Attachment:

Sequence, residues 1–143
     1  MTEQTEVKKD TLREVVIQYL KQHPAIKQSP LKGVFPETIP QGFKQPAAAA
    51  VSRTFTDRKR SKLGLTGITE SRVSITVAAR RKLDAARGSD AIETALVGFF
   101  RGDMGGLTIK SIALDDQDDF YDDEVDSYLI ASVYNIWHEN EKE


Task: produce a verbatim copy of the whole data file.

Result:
Sequence, residues 1–143
     1  MTEQTEVKKD TLREVVIQYL KQHPAIKQSP LKGVFPETIP QGFKQPAAAA
    51  VSRTFTDRKR SKLGLTGITE SRVSITVAAR RKLDAARGSD AIETALVGFF
   101  RGDMGGLTIK SIALDDQDDF YDDEVDSYLI ASVYNIWHEN EKE